To the extent banks’ mortgage books are held in the form securities (i.e. MBS, as opposed to whole loans)–and I thought this was most of it, no?–I believe the rule is that they be held in three accounting buckets: trading, available for sale, and held to maturity. The first two buckets should be marked-to-market on the balance sheet, with periodic changes flowing through P&L and “other comprehensive income”, respectively. And the fair values of all these, even held to maturity loans, should be disclosed at fair value in the footnotes.

Comforted yet?

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By: OKJ1 http://blogs.reuters.com/felix-salmon/2010/06/03/continuing-risks-in-the-housing-market/comment-page-1/#comment-15424 Thu, 03 Jun 2010 18:46:50 +0000 http://blogs.reuters.com/felix-salmon/?p=4111#comment-15424 The very wealthy, i.e., Mr. & Mrs. Privileged Class (PC), simply don’t live in the same world as we do, i.e., Mr. & Mrs. Middle & Working Class (M&WC)…although each of them likes to think of himself as wearing the mantle of a Mr. Wise Everyman who…even though often quite wealthy…is still widely admired and respected by Mr. & Mrs. M&WC for his ability to “feel the pain” of Mr. John Q. Public, i.e., feel the pain of Mr. & Mrs. Average American (or European or Asian or whomever).

It is likely that the subject of this article thinks of himself in that way also. Likewise, the former head of the Federal Reserve. Likewise, the head of Toyota. Likewise the head of BP. Likewise “whomever”.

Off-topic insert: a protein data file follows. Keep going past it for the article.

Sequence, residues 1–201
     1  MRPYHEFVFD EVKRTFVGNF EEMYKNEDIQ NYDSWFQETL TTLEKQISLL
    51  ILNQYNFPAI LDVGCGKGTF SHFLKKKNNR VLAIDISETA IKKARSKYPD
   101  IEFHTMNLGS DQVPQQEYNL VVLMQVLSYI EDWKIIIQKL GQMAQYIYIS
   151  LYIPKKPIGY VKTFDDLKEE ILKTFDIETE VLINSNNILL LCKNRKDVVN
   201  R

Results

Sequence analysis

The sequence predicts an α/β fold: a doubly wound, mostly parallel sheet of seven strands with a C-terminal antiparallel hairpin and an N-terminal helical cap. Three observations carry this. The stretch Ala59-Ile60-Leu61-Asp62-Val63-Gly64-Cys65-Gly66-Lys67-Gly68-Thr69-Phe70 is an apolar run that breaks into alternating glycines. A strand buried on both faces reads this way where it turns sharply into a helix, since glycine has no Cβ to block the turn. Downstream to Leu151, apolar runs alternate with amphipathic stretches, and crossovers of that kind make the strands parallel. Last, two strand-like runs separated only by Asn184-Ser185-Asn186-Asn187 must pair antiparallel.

However, they feel neither pain nor guilt.

The fact of the matter is that these extremely wealthy people have forgotten what “pain” is (or never experienced it in the first place). Their view of the world is from a protective bubble. That’s just the way of it though. That’s simply a fact that cannot be changed.

If and when the wealthiest people in the world give away their wealth, we here at our M&WC Disabled Veterans’ Research Group (where “pain” is quite familiar) will take them and their financial and other prognostications seriously…and give them the respect and admiration that they crave—even more than they crave money.

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By: Sensei http://blogs.reuters.com/felix-salmon/2010/06/03/continuing-risks-in-the-housing-market/comment-page-1/#comment-15420 Thu, 03 Jun 2010 18:33:35 +0000 http://blogs.reuters.com/felix-salmon/?p=4111#comment-15420 Pricing the simplest of “options” is complex. I’m not sure how banks could appropriately account for the option value of a non-recourse mortgage AND also mark the asset to market prior to actual default. Bank balance sheets are opaque enough already.

Also, the higher the (required) down payment the less a mortgage looks like and behaves like an option – and the less need to price option risk into the rate. Put the borrower in first loss position and a lot of this goes away.

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By: wcw http://blogs.reuters.com/felix-salmon/2010/06/03/continuing-risks-in-the-housing-market/comment-page-1/#comment-15418 Thu, 03 Jun 2010 18:26:12 +0000 http://blogs.reuters.com/felix-salmon/?p=4111#comment-15418 Thanks for the kind words. Worth noting, folks who analyze MBS pools do model both defaults, which captures these implied puts, and prepayments, the explicit loan calls every US mortgage contains. If MBS guys can, you would think banks already do the same. I am not an accounting-policy guy, but existing FASB regs should cover the event of a serious impairment via expected defaults. That would cover your mooted liabilities. I grant, we know banks are not always the best at marking down impaired assets, but off the top of my head I don’t think adding more accounting rules is the answer.

As for recourse, I would bet dollars to donuts that the bulk of underwater homes are not attached to borrowers with assets worth pursuing. You can spend a bunch of money to get your judgment, of course, but if your judgment is onerous, your debtors are going to wipe them out in bankruptcy anyway. Yes, a few banks may do this out of spite, but I can’t see it being a positive-NPV strategy in any but a few edge cases.